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Learning to put your budget on autopilot


New York -- All financial planning starts with a budget. But many people seem constitutionally incapable of keeping one.

If that describes you, planner Michael Davis of the Resource Consulting Group in Orlando, Fla., has a better idea. He knows that you'll probably spend the money you see in your checkbook. So he spirits some of that money out.

He evolved his system, he says, because "talking about budgeting falls on deaf ears." People tend to do all right with their regular monthly bills. "But then a big item comes along, like a vacation, and they don't have the money to pay for it." So they put it on their credit cards.

To save his clients from themselves, Davis devised what he calls a "three-account system" for putting a budget on automatic pilot. Here's how to use it:

* Keep a checking account at a bank, S&L; or credit union. Your paychecks go into this account, which covers your regular household bills.

* Open a money-market mutual fund that lets you write checks on your fund account. Alternatively, use a bank money-market deposit account. This is for big bills that turn up irregularly -- like quarterly life-insurance premiums, vacations, Christmas presents, estimated taxes, household repairs.

Go through your checkbook to see what you're spending annually on these "regular, irregular" items. Then divide the total by the number of paychecks you get each year (if you're paid biweekly, divide by 26). Write a personal check for that amount every time you're paid, and deposit it in your money-market fund. When the big bills come in, you'll have the cash to cover them. "This takes some fine-tuning," Davis says, "but after a while it works well."

Ideally, you want a money-market mutual fund that lets you open an account with $1,000 or less and processes checks written in small amounts. Six to consider: the Boston Co.'s Cash Management Fund in Boston; the FBL Money Market Fund in Des Moines; Financial Daily Income Shares in Denver (an Invesco fund); Gradison Cash Reserves Trust in Cincinnati; Midwest Short Term Government Income Fund in Cincinnati; and SteinRoe Cash Reserves in Chicago. Some bank money-market deposit accounts also accept $1,000 or less. Banks, however, levy a fee if your account falls below the minimum; money-market mutual funds usually don't.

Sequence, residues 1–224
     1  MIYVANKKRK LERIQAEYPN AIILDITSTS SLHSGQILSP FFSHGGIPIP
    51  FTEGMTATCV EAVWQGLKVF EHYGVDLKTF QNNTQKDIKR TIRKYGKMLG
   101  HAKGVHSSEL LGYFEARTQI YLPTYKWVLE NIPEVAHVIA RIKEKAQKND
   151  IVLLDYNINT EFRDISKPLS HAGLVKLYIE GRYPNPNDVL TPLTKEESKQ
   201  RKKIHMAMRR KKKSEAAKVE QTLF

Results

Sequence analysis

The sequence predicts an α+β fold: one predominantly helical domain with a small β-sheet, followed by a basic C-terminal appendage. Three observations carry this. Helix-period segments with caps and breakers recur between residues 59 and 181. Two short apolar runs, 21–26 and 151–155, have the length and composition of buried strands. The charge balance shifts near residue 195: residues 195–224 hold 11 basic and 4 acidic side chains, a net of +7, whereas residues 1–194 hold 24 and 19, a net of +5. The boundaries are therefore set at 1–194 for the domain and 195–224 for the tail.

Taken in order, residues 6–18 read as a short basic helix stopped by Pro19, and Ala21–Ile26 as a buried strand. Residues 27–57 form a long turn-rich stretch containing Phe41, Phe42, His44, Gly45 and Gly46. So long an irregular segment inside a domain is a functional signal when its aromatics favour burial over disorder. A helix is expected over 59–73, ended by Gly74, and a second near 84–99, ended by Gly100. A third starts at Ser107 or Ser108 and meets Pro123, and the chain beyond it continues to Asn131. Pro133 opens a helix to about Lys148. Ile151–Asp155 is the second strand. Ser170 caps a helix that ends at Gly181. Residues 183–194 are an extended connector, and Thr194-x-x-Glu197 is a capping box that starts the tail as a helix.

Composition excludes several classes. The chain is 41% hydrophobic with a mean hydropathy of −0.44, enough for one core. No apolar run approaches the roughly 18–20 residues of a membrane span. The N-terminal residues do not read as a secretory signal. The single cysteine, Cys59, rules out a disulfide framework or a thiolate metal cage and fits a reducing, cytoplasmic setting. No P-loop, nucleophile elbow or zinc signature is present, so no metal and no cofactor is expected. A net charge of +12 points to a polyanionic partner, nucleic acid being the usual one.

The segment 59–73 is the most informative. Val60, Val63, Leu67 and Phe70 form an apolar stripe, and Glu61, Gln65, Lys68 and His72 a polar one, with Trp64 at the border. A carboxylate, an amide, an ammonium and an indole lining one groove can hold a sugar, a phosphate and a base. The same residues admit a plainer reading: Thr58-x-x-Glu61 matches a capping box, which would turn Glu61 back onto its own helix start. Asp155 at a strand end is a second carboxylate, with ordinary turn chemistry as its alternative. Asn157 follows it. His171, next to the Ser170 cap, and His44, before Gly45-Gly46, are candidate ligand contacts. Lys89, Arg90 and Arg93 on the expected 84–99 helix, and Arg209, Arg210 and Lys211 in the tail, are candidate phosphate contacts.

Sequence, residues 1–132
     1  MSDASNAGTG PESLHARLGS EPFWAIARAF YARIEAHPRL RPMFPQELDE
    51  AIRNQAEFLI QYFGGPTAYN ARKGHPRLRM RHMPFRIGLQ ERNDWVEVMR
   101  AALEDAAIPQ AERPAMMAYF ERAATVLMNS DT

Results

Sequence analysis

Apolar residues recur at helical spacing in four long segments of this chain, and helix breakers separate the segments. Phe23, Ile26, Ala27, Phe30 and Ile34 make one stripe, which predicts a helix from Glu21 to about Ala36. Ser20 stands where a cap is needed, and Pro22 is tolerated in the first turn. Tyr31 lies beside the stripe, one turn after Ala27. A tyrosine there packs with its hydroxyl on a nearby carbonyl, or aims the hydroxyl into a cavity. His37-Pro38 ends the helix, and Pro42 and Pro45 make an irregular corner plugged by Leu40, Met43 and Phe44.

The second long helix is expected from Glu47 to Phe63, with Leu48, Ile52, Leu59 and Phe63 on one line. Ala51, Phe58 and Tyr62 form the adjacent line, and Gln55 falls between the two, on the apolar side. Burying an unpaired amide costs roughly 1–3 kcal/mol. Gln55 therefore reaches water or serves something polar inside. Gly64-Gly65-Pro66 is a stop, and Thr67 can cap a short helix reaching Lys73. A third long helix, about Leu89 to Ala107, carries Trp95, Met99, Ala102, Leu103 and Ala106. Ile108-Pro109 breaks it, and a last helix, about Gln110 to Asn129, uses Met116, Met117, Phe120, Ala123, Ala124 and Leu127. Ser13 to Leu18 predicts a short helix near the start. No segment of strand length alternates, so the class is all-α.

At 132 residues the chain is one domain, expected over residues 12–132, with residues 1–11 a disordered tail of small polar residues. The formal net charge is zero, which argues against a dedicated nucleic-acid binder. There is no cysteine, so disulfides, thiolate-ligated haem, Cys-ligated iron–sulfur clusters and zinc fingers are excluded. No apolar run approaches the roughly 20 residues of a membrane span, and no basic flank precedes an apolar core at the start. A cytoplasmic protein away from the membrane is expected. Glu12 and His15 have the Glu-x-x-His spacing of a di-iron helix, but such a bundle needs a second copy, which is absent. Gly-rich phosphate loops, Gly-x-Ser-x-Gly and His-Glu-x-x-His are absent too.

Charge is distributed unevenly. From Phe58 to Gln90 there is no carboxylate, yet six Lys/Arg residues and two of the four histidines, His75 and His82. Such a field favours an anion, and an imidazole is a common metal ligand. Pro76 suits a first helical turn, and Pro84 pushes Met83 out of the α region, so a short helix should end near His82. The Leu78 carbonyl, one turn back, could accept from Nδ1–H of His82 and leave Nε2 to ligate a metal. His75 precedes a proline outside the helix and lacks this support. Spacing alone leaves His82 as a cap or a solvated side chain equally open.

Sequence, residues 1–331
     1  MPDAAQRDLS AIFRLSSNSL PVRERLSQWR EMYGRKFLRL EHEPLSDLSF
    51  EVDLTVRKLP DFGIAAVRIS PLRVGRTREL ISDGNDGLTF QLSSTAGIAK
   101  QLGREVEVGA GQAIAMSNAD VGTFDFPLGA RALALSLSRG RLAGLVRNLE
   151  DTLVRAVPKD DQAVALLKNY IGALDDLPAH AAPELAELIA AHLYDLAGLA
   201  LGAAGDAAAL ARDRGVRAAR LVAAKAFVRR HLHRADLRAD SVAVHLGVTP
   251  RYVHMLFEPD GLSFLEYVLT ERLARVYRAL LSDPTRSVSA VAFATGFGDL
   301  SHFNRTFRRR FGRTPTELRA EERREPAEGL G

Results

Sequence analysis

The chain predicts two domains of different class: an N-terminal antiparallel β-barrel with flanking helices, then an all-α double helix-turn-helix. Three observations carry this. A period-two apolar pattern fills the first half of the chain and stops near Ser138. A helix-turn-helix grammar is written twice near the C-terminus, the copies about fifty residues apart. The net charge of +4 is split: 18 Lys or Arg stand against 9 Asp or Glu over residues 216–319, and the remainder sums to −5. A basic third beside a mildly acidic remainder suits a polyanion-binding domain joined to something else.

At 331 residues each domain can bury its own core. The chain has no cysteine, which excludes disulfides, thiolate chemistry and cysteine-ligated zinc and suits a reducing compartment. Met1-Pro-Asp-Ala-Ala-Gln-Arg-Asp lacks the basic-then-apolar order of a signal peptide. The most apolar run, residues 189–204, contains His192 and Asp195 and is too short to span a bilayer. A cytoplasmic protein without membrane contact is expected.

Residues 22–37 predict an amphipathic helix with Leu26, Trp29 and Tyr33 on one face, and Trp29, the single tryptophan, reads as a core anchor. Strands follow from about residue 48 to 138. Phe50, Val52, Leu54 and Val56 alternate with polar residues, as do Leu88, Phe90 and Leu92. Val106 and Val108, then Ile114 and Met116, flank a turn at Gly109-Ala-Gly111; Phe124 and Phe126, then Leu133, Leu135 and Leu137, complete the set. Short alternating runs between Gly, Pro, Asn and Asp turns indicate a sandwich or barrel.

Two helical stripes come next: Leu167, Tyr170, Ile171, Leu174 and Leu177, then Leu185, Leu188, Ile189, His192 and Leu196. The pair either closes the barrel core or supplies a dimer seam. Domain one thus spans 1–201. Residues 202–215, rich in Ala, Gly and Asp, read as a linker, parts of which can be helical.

* Establish an investment account. For beginners, it might be a bank savings account (the money eventually to be reinvested elsewhere). Or it might be a mutual fund. Every time you get a paycheck, you write a fixed check to your investment account as well as your money-market account.

"These accounts are sacred," Davis says. By paying into them first, you're achieving two goals: better cash management and future financial independence.

Everything that's left in your checking account is yours to spend, without worrying about budgeting. Because people usually manage to live on the money in their check book, this system imposes a spending discipline that's not immediately apparent. You don't believe me? Try it. You'll be amazed.

Charles Hoppe of American Financial Services in San Jose, Calif., uses a similar system. If clients still have trouble controlling their spending, he gets super-tough. "No credit cards," he says. Pay cash or pay with checks. "When the 'D balance in your checkbook drops to zero, you have to stop spending."

Peg Downey of Money Plans in Silver Spring asks her clients to compile a detailed list of what they've spent in the past 12 months, plus a one-month diary of cash expenses. They all then discuss each separate item, to see if it's worth cutting in order to raise the client's savings.

Once you've worked out your ideal spending plan, Downey suggests that you get a small notebook. At the top of each page, put a heading and a monthly dollar amount. For example: Entertainment -- $75. If you go to a movie, subtract the $5 ticket, and so on. When you're down to zero, you have to stay home for the rest of the month.

Steven Ames of Ames Fee-Only Financial Planning in Annapolis advises clients to use their disposable income and savings to pay off consumer debts before they start a regular savings and investment program. Every one of us will have more money once we get our debts off our backs.

3' 1993, Washington Post Writers Group

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